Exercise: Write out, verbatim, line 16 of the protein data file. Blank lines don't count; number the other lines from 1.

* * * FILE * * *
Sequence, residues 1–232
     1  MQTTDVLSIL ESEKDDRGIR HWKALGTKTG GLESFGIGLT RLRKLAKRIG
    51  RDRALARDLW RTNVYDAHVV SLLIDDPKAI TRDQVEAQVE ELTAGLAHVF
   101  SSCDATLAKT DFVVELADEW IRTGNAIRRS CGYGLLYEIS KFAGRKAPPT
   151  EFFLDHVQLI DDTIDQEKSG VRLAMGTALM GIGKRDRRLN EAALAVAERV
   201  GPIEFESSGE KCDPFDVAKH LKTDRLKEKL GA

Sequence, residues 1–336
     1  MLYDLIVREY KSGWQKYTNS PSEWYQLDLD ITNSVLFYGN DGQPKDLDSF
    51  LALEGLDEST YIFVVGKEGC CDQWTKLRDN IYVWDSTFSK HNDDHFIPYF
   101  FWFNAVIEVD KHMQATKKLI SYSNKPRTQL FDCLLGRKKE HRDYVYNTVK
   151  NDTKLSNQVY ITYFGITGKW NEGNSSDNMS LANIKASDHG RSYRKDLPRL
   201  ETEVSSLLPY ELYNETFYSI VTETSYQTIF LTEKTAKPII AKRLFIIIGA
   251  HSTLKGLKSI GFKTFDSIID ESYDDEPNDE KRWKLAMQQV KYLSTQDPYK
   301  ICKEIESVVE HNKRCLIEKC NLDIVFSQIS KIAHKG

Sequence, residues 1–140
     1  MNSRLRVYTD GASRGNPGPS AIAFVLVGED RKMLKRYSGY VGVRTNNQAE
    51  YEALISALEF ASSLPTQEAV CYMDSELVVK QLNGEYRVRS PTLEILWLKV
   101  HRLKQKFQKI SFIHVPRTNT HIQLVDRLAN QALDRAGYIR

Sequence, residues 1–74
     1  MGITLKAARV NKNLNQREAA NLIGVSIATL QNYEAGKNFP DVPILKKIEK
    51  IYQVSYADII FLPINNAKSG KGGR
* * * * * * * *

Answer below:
     1  MNSRLRVYTD GASRGNPGPS AIAFVLVGED RKMLKRYSGY VGVRTNNQAE